Five US men who say they were sexually abused by Catholic priests plan to sue the Vatican in an effort to get the Holy See to release the names of thousands of priests involved in abuse cases.
The lawsuit will be formally announced in Saint Paul, Minnesota on Tuesday, an attorney for the group said, and it comes just days after Pope Francis announced new measures to force clergy to report sexual abuse.
The lawsuit will seek the release of some 3,400 names of priests who were referred to the Vatican for "credible cases of abuse," along with their "files and pertinent histories," according to a statement released ahead of the filing.
Minnesota attorney Jeff Anderson said the suit, which will be filed in a US federal court, aims to show the Vatican engaged in a cover-up to shield top officials, such as former St. Paul-Minneapolis Archbishop John Nienstedt.
Three of the five plaintiffs are brothers who were abused by former priest Curtis Wehmeyer as recently as 2012 in St. Paul, Minnesota.
Wehmeyer pleaded guilty to criminal sexual conduct and child pornography in connection with his contact with two of the boys, who were 12 and 14.
Read more: Catholic Church 'cover-ups must stop!'
17,000 complaints of sexual abuse in US
Pope Francis has struggled to quell the backlash following the revelations of thousands of sexual assault cases by priests, many of which have involved minors, and the subsequent decadeslong cover-up.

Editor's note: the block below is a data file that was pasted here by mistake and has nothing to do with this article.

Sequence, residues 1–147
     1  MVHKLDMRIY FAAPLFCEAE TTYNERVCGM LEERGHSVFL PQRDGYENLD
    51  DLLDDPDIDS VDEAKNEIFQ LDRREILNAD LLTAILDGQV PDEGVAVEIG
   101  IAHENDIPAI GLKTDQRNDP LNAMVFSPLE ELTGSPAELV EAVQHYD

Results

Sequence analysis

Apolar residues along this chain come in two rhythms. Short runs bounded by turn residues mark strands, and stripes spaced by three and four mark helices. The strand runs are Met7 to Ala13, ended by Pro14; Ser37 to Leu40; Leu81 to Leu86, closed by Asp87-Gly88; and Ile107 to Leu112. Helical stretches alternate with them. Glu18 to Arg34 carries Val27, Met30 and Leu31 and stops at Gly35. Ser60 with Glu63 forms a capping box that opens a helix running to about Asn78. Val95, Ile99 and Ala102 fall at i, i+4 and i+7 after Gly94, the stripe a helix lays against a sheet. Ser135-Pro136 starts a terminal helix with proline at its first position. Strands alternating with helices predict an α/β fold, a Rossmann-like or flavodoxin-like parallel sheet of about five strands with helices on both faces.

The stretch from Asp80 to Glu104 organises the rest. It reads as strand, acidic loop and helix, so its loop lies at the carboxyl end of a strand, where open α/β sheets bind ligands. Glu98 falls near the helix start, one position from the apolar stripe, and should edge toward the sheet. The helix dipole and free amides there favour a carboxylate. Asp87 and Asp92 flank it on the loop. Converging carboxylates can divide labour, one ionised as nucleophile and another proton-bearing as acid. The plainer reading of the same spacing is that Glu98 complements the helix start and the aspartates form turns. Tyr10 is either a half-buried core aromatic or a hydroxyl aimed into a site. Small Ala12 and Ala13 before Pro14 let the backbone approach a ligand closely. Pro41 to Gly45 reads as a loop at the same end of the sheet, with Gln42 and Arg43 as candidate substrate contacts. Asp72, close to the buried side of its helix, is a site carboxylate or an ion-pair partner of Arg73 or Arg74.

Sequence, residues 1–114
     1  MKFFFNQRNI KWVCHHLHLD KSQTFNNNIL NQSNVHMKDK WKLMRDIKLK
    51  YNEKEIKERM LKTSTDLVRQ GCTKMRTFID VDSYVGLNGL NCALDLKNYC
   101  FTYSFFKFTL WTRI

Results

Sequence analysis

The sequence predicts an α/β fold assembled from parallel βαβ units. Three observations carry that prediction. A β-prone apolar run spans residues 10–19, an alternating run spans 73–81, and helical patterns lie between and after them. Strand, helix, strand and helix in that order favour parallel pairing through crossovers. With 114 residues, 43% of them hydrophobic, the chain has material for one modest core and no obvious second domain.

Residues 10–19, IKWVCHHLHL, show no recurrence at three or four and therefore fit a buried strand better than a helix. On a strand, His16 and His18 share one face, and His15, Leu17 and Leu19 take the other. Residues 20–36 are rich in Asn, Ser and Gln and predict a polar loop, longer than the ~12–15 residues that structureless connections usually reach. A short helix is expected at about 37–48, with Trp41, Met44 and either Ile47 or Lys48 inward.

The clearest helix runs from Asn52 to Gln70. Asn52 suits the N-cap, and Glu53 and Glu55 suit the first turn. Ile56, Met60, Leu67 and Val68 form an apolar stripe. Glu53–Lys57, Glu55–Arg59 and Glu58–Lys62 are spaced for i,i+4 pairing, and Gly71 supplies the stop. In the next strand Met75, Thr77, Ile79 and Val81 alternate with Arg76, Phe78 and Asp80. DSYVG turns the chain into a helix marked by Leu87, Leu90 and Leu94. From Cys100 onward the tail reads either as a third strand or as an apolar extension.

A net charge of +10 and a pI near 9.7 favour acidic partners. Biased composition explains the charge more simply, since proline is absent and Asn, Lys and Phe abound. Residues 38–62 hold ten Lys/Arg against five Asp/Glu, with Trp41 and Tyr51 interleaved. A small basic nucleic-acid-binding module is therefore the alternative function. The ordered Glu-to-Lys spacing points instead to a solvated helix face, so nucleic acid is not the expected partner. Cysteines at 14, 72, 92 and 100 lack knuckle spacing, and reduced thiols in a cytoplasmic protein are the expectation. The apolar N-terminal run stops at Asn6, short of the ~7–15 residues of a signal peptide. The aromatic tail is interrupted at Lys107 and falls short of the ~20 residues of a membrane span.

A grand jury investigation into dioceses in Pennsylvania published in 2018 revealed a systematic cover-up by Church officials that sought to shield "over 300 predator priests" who had abused more than 1,000 child victims.
Between 1950 and 2013 the US Catholic Church compiled some 17,000 complaints of sexual abuse that allegedly took place from 1950 to 1980, with approximately 6,400 clerics involved.
As a result, several senior Church members in the US have been forced to resign, including Cardinal Bernard Law, who died last year.
The release of a new documentary about pedophile priests in Poland shook the country over the weekend, prompting Church hierarchy to apologize and remove one priest.
Titled Tell No One, the documentary was released on YouTube on Saturday; by Monday it had racked up 7 million views.
The film details how a priest convicted of abuse was allowed to continue working with young people.
"I apologize for every wound inflicted by the people of the Church," Archbishop Wojciech Polak said in response the film.
The Vatican's ambassador to Poland, Archbishop Salvatore Pennacchio, said Pope Francis was "very concerned" and had expressed his sympathy and solidarity with the victims.
Poland's Catholic authorities said in March that they had recorded cases of some 382 clergymen who reportedly abused 625 victims under the age of 18 since 1990.
jcg/cmk (AFP, AP)